12 Sep

4 Common IT Mistakes That Small Companies Make

A vast majority of small companies rely on the latest technology to run efficiently. For these companies, making smart IT decisions can affect daily operations, as well as long-term success.

Here are 4 common IT mistakes that small companies should avoid:

1. Failing to Plan for Growth

Many small companies fail to properly account for IT within their growth strategy. Successful small companies tend to make ongoing investments in hardware, software and support. It’s recommended to invest in IT solutions that can expand alongside a company over at least a 1 year horizon. Doing so may seem more expensive at first, but it’s a must more cost-effective plan in the long term.

2. Buying the Wrong IT Software and Equipment

Money can be tight for a small business, but cutting corners on IT is generally a poor place to save.

Low-cost and consumer-grade products might seem attractive, but they’re rarely designed to handle the needs of a growing small business. For instance, business-grade software considers the unique interactions among employees, teams, customers and partners. Business-grade equipment also has special considerations, such as reduced downtime and higher performance.

3. Failure to Keep Up With Changing Technology

IT is the most rapidly changing and evolving industry in the world. Keeping up with the latest advances can be a full time job, but all employees should allocate some time in their schedules to do so.

Staff should receive continuing education to ensure they are efficiently using the resources provided to them by management. Not only will these skills boost their productivity and efficiency, but they will likely enhance their understanding of IT security as well.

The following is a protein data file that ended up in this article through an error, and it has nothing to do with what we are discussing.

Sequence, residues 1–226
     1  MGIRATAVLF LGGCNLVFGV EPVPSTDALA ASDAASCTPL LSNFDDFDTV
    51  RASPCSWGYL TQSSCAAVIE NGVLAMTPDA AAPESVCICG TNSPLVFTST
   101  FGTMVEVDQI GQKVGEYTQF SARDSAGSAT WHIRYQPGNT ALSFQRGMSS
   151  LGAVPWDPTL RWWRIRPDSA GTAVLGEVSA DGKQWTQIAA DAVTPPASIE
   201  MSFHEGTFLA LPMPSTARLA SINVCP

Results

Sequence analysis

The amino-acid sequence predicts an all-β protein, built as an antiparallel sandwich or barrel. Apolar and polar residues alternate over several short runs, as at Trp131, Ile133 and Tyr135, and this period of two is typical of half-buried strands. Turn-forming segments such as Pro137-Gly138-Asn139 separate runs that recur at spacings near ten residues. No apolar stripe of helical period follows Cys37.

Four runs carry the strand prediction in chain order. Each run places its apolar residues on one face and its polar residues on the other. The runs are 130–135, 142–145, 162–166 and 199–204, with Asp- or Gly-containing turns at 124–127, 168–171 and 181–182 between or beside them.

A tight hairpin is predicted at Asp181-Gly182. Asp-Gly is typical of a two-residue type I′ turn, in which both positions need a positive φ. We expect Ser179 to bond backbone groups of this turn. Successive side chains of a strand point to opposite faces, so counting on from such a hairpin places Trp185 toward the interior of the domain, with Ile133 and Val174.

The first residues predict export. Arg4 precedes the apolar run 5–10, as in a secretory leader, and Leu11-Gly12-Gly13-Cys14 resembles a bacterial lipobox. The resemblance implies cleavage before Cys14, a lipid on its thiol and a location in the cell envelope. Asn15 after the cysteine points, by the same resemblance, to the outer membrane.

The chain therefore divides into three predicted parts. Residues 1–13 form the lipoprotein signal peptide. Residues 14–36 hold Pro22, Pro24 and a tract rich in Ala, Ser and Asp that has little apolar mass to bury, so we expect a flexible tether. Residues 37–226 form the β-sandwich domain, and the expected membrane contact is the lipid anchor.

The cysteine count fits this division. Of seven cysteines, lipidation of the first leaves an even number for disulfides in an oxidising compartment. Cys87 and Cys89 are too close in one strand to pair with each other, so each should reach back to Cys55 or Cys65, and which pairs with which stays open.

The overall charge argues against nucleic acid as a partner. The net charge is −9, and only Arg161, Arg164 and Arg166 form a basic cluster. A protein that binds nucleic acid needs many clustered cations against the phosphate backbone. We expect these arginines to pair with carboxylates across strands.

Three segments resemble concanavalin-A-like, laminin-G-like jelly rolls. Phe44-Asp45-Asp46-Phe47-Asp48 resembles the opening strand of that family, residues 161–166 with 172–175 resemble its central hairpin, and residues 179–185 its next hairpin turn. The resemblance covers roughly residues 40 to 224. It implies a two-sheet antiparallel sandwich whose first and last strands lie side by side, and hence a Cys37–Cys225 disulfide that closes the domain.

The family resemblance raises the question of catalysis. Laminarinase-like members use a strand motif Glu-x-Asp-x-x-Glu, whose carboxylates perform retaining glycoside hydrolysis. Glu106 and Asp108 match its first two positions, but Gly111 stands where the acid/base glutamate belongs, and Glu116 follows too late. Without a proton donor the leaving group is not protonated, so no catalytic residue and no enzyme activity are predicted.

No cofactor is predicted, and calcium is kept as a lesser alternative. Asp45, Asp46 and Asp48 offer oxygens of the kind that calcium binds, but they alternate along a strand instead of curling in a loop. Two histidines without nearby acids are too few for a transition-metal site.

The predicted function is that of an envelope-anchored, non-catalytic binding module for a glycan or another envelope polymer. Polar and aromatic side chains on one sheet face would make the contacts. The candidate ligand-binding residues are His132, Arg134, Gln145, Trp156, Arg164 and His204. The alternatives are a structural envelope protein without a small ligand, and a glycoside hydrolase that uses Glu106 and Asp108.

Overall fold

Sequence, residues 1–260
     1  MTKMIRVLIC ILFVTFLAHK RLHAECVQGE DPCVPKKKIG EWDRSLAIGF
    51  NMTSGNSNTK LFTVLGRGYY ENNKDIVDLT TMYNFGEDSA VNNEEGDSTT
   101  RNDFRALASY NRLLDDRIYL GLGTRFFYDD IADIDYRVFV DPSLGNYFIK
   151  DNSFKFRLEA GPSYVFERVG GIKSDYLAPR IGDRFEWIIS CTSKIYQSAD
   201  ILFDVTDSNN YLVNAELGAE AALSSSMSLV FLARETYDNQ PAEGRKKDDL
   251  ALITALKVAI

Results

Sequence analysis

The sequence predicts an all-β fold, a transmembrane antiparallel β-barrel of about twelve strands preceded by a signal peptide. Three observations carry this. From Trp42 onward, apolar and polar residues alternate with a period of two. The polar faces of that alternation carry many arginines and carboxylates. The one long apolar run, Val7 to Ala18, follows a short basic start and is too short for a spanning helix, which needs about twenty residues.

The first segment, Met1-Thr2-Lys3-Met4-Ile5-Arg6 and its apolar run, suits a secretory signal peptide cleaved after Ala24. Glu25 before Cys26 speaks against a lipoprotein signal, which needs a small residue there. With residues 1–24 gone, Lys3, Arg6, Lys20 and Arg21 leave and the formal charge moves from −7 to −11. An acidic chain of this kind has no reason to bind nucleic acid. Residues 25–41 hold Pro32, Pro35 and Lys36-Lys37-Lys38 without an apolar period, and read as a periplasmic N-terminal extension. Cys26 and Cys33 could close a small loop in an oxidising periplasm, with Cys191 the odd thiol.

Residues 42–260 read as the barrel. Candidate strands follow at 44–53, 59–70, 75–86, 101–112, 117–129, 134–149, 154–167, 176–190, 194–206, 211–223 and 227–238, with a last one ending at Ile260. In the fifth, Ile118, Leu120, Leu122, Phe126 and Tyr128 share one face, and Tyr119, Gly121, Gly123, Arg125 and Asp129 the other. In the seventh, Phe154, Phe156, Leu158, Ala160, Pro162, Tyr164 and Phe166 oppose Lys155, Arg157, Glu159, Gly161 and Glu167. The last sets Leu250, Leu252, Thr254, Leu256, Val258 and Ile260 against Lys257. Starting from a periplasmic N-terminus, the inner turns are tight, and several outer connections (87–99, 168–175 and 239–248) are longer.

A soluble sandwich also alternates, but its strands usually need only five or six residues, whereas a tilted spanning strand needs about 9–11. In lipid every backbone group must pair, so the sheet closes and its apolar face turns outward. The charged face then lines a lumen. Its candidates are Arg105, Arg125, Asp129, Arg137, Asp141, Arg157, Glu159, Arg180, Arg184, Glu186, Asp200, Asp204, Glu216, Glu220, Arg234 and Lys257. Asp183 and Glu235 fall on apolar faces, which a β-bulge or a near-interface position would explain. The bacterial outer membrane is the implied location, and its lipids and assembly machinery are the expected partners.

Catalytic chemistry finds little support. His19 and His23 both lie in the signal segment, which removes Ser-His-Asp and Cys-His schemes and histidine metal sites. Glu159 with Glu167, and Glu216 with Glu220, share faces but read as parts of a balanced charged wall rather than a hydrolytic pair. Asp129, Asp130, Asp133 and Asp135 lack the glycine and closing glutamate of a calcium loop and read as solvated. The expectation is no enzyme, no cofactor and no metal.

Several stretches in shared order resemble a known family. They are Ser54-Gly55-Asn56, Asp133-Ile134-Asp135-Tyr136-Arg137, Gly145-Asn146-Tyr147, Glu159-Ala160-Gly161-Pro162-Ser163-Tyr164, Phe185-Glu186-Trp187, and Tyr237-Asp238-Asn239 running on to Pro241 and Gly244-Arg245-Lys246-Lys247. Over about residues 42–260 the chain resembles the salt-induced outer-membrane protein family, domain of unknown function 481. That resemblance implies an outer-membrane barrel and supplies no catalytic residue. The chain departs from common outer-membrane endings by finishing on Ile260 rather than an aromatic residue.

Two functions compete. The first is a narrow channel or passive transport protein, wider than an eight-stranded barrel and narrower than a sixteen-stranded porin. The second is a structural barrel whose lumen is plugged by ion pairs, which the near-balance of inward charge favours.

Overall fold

However, staff aren’t the only ones who need to stay up-to-date on IT trends; management also needs to stay ahead of the curve. Management should familiarize themselves with the latest technology, along with the costs and benefits of each. Failure to do so can lead to missed opportunities to reduce costs and increase productivity.

4. Mismanaging Security

Until recently, small companies made for unlikely hacking targets. With limited resources and lax security, they were considered easy, yet unproductive targets. However, all of this changed in recent years. Symantec and others have reported a sharp rise in attacks on small companies.

To avoid disasters and save money, small companies should invest in security from the start. Password managers, firewalls, anti-malware programs and antivirus programs are just a few security measures that small businesses should consider when locking down assets.

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